“The first season of the TVshow did exactly the same thing and it did so by preserving the spirit of George RR Martin’s original vision. By the time it was ending, it sometimes cost up to $15 million to make an episode. That’s the kind of money you need to do epic fantasy right, but it’s also the sort of spending that causes media executives to break out in a cold sweat. However, the viewing figures showed it was well worth doing.”

Irish fantasy

Irish fantasy is on the up, too. Ireland can claim a special space in the history of the genre. Early 20th century Anglo-Irish writer Edward Plunkett, the 18th Lord Dunsany, is acknowledged as a pioneering chronicler of the fantastic with novels such as The Gods of Pegana (1905) and The King of Elfland's Daughter (1924).

He influenced both Lord of the Rings author JRR Tolkien and "weird fantasy" writer HP Lovecraft, who attended a lecture by Dunsany on the Irishman's speaking tour of the United States. He was also an acquaintance of WB Yeats, who, in 1909, persuaded him to write a play, Glittering Gate, for the Abbey Theatre (at one point Dunsany had five plays running concurrently on Broadway). Plunkett never received his due in Ireland (perhaps because of his Anglo-Irishness).

Fantasy in Ireland is now roaring back. Cork author Gareth Hanrahan, also a respected writer in role-playing publishing, this year published The Broken God, the third volume in his wonderful Black Iron Legacy series. It is set in an otherworldly reimagining of Cork (named Guerdon) which, with snaking hills and hodgepodge architecture, serves as a rich backdrop for noir fantasy with Lovecraftian influences.

That was followed by It Rose Up: A Selection of Lost Irish Fantasy Stories compiled by academic and editor Jack Fennell. Described by publisher Tramp Press as “a collection of lesser-known works of classic Irish fantasy”, the collection – a companion piece to Fennell’s 2018 science fiction anthology A Brilliant Void – connects the dots between Celtic folklore and Irish fantasy.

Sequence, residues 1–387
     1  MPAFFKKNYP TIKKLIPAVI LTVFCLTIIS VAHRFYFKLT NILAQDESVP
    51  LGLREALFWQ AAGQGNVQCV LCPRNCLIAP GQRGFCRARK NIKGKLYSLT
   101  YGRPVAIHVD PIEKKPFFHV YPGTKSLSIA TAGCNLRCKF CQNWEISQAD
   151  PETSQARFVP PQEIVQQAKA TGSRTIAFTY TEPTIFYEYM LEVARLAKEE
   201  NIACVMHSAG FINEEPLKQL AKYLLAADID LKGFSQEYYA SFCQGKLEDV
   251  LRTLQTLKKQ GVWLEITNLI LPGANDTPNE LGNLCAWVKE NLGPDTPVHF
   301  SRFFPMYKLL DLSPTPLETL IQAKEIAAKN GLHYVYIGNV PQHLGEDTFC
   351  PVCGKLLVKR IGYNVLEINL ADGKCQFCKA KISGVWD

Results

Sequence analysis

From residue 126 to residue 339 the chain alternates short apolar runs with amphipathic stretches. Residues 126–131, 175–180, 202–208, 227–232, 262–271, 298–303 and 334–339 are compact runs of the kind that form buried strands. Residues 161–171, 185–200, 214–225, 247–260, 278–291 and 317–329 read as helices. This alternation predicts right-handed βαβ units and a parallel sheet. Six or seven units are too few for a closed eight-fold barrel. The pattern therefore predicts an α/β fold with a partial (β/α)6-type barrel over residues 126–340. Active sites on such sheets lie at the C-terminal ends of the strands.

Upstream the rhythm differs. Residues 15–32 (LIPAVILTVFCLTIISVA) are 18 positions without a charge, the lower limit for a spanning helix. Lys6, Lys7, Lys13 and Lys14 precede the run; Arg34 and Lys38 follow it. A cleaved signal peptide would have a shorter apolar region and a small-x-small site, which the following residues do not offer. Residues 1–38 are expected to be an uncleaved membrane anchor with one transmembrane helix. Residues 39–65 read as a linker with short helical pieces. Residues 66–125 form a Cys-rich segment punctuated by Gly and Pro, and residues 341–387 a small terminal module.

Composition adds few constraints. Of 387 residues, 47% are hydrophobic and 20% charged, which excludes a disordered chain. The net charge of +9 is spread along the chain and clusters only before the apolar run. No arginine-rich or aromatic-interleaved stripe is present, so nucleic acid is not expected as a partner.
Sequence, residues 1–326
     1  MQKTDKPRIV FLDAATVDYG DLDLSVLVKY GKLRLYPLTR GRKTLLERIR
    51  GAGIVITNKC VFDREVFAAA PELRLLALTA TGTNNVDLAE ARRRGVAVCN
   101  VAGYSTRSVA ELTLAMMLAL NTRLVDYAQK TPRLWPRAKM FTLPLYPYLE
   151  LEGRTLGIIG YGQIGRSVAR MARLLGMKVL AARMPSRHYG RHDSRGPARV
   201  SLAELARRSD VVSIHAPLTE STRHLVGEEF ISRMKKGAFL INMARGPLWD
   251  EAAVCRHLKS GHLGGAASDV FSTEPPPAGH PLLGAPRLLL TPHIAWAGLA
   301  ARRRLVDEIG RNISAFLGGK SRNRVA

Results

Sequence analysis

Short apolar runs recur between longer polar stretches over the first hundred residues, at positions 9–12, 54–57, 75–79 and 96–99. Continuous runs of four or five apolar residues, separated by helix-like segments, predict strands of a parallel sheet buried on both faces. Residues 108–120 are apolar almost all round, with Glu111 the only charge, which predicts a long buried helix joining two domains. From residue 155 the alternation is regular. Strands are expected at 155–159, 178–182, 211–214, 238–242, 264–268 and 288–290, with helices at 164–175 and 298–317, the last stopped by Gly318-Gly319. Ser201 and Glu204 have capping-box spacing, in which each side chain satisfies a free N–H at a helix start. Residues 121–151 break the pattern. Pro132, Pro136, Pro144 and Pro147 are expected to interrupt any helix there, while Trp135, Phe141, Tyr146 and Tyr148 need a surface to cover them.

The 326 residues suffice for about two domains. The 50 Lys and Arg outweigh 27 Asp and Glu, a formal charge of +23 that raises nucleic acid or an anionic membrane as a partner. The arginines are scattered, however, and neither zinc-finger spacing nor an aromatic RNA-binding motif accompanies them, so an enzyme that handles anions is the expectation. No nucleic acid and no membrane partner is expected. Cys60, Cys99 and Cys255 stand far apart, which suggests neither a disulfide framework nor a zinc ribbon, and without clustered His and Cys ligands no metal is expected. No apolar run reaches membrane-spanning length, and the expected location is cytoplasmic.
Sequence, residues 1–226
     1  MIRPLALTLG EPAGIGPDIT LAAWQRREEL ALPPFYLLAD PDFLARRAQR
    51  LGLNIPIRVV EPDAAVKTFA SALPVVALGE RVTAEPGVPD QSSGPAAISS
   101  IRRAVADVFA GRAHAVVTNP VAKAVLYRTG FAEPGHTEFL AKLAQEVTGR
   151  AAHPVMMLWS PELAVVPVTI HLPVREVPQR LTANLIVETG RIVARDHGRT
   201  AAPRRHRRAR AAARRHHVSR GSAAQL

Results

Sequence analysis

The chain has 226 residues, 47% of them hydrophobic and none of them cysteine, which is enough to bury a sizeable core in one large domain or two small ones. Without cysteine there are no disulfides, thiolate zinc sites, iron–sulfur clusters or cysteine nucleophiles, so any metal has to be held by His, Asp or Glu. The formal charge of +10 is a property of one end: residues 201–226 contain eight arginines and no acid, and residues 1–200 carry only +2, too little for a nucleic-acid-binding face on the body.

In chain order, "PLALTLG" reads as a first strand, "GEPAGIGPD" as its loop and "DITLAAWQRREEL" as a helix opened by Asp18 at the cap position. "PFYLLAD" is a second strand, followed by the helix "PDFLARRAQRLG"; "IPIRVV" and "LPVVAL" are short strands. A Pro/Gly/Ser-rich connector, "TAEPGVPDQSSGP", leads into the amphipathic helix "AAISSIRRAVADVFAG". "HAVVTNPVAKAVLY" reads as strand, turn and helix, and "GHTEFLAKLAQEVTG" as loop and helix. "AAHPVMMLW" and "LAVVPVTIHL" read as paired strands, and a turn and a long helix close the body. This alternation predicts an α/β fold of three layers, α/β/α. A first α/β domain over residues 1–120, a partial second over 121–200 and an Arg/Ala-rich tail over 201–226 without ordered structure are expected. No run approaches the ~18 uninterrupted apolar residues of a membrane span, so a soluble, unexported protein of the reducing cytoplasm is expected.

“The stories in this collection all have different ideas at their core, but one recurring theme you can definitely see is that there are ‘worlds within worlds’: there’s a sense modernity didn’t push magic out of the world completely, and that there are secluded places where it survives unnoticed,” says Fennell. “There’s a sense magic is something to be wary of, and it’s more likely to mess you up than grant your heart’s desire.”

He feels fantasy in Ireland is healthy – if hiding in a plain sight, to a degree. In that, we are by no means unique. “The fantasy scene is similar all over the world, in that it has a large, passionate fanbase, but remains ‘invisible’ because it’s still regarded as a niche interest. We have scores of phenomenal fantasy writers in Ireland, and readers hungry for all the fantasy works they can get their hands on.

“But from the outside, the scene is a subculture; the most that mass media focused on current affairs can do with that is observe it occasionally – ‘Oh look, that’s a thing that exists.’ If you’re tuned in to it, though, you’re keenly aware of its presence, its key players, the up-and-comers, and any changes in the lay of the land, until it sometimes seems to be all-consuming in scope. I suppose something similar could be said about the Irish country music scene.”

The fantasy renaissance intersects with a growing awareness of the impact of humanity on the environment. The genre has always been attuned to the relationship between man and nature. This goes all the way back to Tolkien who, having fought in the mechanised hell of the Somme, considered mass industrialisation a terrible menace.


A century on, George RR Martin’s A Song Of Ice and Fire can likewise be regarded as eco-fable, the monstrous White Walkers sweeping down from the North a metaphor for the perils of global warming and melting ice caps.

“Environmentalism is definitely present as a theme in lots of fantasy, not least because in the familiar pre-modern fantasy setting, the forests are full of elves who won’t take kindly to people chopping down their trees,” says Jack Fennell.

"Other varieties of fantasy exist that are less explicitly tuned in to nature [i.e. urban fantasy such as Jim Butcher's Dresden Files], but as environmental issues become harder to ignore, they show up in genre works as pressing themes. Fantasy, sci-fi and horror stories are products of their time as much as anything else; you don't normally have to dig too deeply into them to find traces of what's worrying us."

It Rose Up: A Selection of Lost Irish Fantasy Stories is published by Tramp Press. The Witcher season two comes to Netflix December 17.